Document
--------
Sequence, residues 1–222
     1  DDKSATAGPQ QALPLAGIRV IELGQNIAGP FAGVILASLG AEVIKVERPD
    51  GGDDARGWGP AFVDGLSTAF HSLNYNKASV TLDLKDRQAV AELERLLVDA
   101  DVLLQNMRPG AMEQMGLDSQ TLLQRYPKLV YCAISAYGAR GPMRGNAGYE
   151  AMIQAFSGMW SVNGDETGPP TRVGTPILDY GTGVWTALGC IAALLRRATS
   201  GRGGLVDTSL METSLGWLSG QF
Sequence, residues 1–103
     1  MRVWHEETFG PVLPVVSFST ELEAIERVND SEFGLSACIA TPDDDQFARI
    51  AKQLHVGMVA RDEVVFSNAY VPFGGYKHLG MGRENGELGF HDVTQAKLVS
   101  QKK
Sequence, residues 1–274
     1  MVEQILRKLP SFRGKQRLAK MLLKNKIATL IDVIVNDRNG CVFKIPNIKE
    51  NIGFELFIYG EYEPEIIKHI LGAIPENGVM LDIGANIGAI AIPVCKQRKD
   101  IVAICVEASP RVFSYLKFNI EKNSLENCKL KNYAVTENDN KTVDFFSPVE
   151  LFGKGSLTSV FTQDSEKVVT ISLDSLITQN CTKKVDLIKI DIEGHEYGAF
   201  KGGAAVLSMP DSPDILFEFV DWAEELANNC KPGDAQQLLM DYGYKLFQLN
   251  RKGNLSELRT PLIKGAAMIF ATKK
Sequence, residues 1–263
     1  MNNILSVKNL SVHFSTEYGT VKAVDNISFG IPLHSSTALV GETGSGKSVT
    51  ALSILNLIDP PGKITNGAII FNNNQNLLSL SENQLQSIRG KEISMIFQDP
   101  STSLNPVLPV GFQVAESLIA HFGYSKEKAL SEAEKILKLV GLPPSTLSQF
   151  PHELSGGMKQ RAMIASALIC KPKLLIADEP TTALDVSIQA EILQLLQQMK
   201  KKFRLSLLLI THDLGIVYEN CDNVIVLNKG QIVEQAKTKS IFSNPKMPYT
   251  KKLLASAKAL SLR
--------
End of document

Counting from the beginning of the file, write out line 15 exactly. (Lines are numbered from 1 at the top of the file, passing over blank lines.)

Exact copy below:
   151  LFGKGSLTSV FTQDSEKVVT ISLDSLITQN CTKKVDLIKI DIEGHEYGAF